a carrier substrate, and, on one side of the carrier substrate, a photosensitive layer comprising i) a binder selected from the group consisting of photopolymerizable binders and photosolubilizable binders and ii) particulates having sizes in the range of 500 to 1500 nm;

b) image-wise exposing the photosensitive layer to actinic radiation;

c) developing the imagewise exposed photosensitive layer; and

d) applying the imaged and developed surface modifying sheet to the receptor.

According to this method, as shown in FIGS. 3a-3b, the surface modifying sheet 1 is image-wise exposed and developed first. Imagewise exposure may be performed by exposure to actinic radiation 30 through a mask 21 as shown in FIG. 3a or by any other known method. The mask is placed over the surface modifying element 1 and is removed after imagewise exposure. The sheet is developed by removal of the removable portions of the photosensitive layer. Whether the exposed or unexposed portions are removed depends upon whether the system is a photopolymerizable system or a photodegradable (or photosolubilizable) system.

Suitable developers for typical positive systems include aqueous solutions with pH of 7 to 14. For the preferred negative systems, the developer solutions used to develop the image after exposure are typically comprised of a combination of sodium or potassium carbonate, and sodium or potassium bicarbonate and a surfactant. In the preferred embodiment the carbonate concentration is in an amount 0.5-2% by weight, the bicarbonate concentration is in the amount 0-1% by weight, and the surfactant concentration is in the amount 0.1-1% by weight of the total developer solution and the balance is water. The preferred surfactants non-exclusively include; Surfynol™ 465 (ethoxylated tetramethyl decynediol); Air Products; Surfactol™ 365 (ethoxylated castor oil); CasChem; Triton X-100 (octylphenoxypolyethoxyethanol) and Surfynol™ GA (acetylenic diols compounded with other non-ionic surfactants and solvents); Air Products.

The developed sheet 13 may then be laminated to or removably placed on a receiver on the receiver 20 (see FIG. 3b) to form a element 40 with imagewise variation in glossiness. The surface modifying particulates in the photosensitive layer 2 provide a matte surface 12 where the photosensitive material remains after development. The portions of the sheet where the photosensitive material has been removed reveal a second surface 11 which has a different optical gloss characteristic which is controlled by the surface characteristics of the carrier substrate 3. Preferably, the second surface 11 is glossier than the surface 12. As a variation of this embodiment, the carrier sheet side of an unexposed undeveloped sheet is laminated to the receiver followed by subsequent exposure and development.

An alternate method of creating a receptor having imagewise variation in glossiness comprising the steps of:

a) providing a surface modifying sheet which comprises

a carrier substrate, and, on one side of the carrier substrate, a photosensitive layer comprising i) a binder selected from the group consisting of photopolymerizable binders and photosolubilizable binders and ii) particulates having sizes in the range of 500 to 1500 nm;

b) applying the surface modifying sheet to the receptor in a manner so that the photosensitive layer is between the receptor and the carrier substrate;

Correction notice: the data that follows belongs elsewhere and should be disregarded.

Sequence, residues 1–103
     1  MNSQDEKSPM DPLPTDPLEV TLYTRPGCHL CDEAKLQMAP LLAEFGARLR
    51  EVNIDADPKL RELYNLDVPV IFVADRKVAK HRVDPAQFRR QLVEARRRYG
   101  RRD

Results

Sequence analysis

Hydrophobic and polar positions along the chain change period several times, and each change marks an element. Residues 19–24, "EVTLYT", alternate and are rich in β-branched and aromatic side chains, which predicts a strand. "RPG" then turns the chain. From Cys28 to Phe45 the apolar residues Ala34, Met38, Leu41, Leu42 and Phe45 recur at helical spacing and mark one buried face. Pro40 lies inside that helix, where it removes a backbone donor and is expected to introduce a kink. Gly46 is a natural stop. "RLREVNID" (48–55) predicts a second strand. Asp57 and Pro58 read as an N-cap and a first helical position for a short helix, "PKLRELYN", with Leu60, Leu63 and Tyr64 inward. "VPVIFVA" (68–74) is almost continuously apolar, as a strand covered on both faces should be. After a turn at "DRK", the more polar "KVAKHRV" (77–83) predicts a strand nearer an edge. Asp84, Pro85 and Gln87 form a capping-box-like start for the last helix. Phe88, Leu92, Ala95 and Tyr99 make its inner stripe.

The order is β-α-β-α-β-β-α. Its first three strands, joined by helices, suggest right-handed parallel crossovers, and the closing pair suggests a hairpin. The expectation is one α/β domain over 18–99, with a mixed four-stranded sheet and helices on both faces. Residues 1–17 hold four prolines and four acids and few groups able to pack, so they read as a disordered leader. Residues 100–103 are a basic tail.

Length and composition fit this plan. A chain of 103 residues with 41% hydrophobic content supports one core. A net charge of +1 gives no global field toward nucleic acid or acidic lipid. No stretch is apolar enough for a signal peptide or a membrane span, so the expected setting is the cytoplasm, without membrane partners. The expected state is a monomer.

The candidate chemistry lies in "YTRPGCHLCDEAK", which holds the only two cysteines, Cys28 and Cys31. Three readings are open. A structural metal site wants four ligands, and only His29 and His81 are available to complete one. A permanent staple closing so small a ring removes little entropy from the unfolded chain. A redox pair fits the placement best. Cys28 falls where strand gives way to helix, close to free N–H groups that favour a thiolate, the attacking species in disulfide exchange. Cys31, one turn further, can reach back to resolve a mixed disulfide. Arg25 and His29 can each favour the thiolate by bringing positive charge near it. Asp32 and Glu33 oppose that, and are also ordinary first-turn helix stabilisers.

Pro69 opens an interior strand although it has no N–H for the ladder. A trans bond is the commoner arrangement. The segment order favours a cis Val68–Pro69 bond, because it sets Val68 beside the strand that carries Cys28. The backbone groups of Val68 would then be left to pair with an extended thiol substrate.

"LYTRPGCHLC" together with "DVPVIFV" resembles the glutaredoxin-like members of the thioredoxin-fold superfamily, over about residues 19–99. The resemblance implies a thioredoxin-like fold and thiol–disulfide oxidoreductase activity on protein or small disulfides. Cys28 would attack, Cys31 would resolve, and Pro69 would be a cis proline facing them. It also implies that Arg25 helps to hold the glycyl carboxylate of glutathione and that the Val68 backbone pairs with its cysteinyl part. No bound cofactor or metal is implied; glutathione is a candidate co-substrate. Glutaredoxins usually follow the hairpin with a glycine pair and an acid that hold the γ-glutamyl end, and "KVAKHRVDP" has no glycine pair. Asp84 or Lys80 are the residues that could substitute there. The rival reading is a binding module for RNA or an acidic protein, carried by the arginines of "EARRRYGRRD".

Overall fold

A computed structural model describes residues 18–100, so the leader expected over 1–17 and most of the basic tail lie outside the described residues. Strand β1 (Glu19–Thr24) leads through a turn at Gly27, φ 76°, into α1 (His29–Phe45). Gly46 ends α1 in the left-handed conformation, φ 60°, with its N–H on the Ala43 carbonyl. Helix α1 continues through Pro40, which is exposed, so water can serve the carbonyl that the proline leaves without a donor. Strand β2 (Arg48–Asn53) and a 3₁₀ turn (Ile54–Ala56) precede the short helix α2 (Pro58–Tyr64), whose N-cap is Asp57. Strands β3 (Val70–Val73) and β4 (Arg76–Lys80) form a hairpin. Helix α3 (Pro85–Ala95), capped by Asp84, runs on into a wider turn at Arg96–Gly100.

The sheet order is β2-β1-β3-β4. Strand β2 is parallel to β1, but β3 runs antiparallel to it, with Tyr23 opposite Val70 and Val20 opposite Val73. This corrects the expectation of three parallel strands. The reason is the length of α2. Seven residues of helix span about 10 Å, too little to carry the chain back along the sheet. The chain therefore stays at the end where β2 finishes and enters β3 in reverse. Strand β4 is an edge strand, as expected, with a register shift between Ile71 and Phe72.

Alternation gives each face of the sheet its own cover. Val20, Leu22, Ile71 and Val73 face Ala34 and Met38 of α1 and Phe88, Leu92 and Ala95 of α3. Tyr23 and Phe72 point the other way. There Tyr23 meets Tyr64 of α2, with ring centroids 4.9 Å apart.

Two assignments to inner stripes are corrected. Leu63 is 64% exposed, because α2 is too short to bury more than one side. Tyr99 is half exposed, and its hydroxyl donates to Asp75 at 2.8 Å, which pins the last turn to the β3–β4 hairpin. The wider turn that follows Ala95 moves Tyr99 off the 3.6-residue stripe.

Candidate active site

c) removing the carrier substrate;

d) image-wise exposing the photosensitive layer to actinic radiation; and

e) developing the imagewise exposed photosensitive layer, wherein the photosensitive layer may be exposed to actinic radiation before the application of the surface modifying sheet to the receptor, after the application of the surface modifying sheet to the receptor and before removal of the carrier substrate, or after the removal of the carrier substrate.

FIGS. 2a-2c show an example of one embodiment of this alternate method of imparting imagewise variation in surface characteristics wherein the photosensitive side of the surface modifying sheet 1' is laminated to the receptor element 20 to form an element 50. The carrier substrate 3 is then removed as shown in FIG. 2a. The photosensitive layer is imagewise exposed to actinic radiation 30 through a photomask 21, as shown in FIG. 2b, or by any other known method. Imagewise exposure could also occur before the removal of the carrier substrate if the substrate is transparent. The imagewise exposed photosensitive layer is developed as discussed above thereby creating an element 10. The surface 11 has optical characteristics controlled by the carrier substrate 3, while the surface 12 shows matte or deglossed characteristics.

It is important to realize that which portion is rendered matte by the particulates in the photosensitive layer is controlled by the order of coating of the surface modifying sheet. Specifically, when the photosensitive layer is coated on a smooth substrate that interface is and remains smooth. The opposite side of the photosensitive layer has a matte surface. If the coating order were reversed, the opposite surfaces would be matte and smooth.

An alternative method of producing imagewise variation in gloss may be effected by coating a photosensitive layer on a matte substrate. The interface between the substrate and the photosensitive layer is irregular and will create a deglossed appearance whenever either surface of that interface is exposed. Imagewise variation is accomplished by imagewise exposure of the photosensitive layer to radiation and subsequent development.